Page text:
Yet that doesn’t always work out. Out of 68 children in foster care by September of last year, Murphy said 13 of those were those who were coming back into the foster care system after their parents had successfully gotten their children back, but then relapsed back into bad behaviors. He added that 8.8 percent of those who have come back into the system are back in within 12 months of being reunited with their parents.
“That’s tough,” he said. “A lot of it is due to a parent’s relapse, and as we all know sometimes that is part of addiction recovery. Hopefully oversight and additional treatment will help those people.”
For those youth remaining, 13 percent of them end up being adopted, 10 percent end up with their grandparents as guardians and 15 percent of children end up exiting the foster care system without any resolution in their lives at all.
Children automatically are allowed to remain with their foster parents through the age of 21 and have to go through a process to remove themselves completely from the state’s system. Murphy said that they work with young adults transitioning into their new lives to ensure they are able to handle responsibilities usually taught by parents, and secondary education assistance, among other areas.
“As foster kids, you have a lot of limitations,” Murphy said. “It isn’t easy to get a car and a license to drive yourself around. There’s travel restrictions on foster kids, and they’ll feel like their friends at school have more freedom than they do.”
With those who are never reunited with their birth parents following separation by order of the court, there’s additional benefits like help from the state in planning for their future, but what can’t be erased are the memories they have of their parent’s drug use.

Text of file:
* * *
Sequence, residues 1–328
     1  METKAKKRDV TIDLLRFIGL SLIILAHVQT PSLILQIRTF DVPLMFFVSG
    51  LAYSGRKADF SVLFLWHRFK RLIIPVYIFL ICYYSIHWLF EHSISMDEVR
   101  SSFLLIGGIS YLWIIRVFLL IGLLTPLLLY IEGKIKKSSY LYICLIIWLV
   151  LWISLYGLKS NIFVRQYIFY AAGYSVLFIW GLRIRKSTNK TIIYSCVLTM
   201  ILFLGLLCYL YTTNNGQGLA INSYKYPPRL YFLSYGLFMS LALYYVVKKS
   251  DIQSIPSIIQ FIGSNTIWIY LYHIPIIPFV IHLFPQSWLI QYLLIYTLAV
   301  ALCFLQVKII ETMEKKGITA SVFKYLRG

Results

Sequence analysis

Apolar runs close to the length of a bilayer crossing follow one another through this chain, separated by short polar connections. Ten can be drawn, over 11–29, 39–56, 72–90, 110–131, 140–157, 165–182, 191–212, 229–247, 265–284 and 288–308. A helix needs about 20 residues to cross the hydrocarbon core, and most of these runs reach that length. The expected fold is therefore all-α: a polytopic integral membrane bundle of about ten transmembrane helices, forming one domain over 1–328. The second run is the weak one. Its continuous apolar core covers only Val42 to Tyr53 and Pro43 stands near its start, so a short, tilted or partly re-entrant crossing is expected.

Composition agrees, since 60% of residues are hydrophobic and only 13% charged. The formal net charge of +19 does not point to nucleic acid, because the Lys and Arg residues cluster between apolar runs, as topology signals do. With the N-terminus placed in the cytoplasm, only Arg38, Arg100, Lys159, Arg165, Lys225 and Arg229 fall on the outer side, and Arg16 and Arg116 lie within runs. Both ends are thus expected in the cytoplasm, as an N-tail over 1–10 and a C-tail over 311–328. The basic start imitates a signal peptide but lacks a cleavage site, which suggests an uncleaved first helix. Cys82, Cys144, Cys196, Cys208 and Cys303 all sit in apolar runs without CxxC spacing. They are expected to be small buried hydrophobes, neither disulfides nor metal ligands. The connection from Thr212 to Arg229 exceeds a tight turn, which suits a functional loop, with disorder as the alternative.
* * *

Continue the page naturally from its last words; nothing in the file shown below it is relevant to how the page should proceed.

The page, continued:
It is this part of each child’s story, slightly different for every case, that touches Murphy and makes him want to see a change. He recognizes that as much as the parents face challenges in trying to escape drug addiction, so do the sons and daughters of those who are tied up in the disease of no choice of their own.
“They’re born into some instability already in their family homes,” Murphy said.
Fixing the issue of instability problem is one of his top priorities, and his hopes are that to get families in a position where they can live together in harmony, the first item on the list to work on is tackling mental health issues as one of the steps for helping people overcome addiction.
“We’ve come to learn that a lot of parents who get hooked drugs are self-medicating for a mental illness, because either they can’t afford the medication they need or they don’t understand that they need help or don’t have access to a mental health treatment program,” he said.
Additionally, he said the DFCS staff here is chronically overburdened, and needs help to overcome the increasing number of cases in the Tallapoosa District.
“There’s less time for oversight and connecting parents and their children with services that will get them back home together,” Murphy said.
Hiring additional caseworkers will help with providing better services, but Murphy said much of the work has to be done by those who he faces on the other side of the bench, since many of the parents who end up in Juvenile Court aren’t facing any criminal charges.
“It’s a reckoning day for a lot of these parents,” he said.
He added that a focus in recent years on Accountability Courts are useful, and
Murphy said the first step to ensure that parents are getting treatment in order to see their children has been taken, with a grant application in to establish a Family Treatment Court, specifically under the jurisdiction of the Juvenile Court.
“It’ll be similar in many ways to the Drug Court we have, but without the threat of going to prison,” Murphy said. “The incentive for our parents will be that if you stay with the program, you’re going to get more frequent visitation as you meet these certain milestones faster as you engage in drug treatment and mental health treatment that you need to be a safe parent.”
It’s a first step the court is taking to try and curtail a major problem in Polk County. Education will be among another step, making sure the community understands the signs of drug abuse in a parent and the risks faced by a child.
However those who see a problem now and want to ensure a child is kept safe is encouraged to call the DFCS child abuse reporting hotline at 1-855-422-4453.
Additionally, Murphy is encouraging local residents to take part in the solution to reuniting families in Polk County by acting as a foster parent to a child in the system. There is a process and required classes, but those who really want to help can find out more information can visit fostergeorgia.com.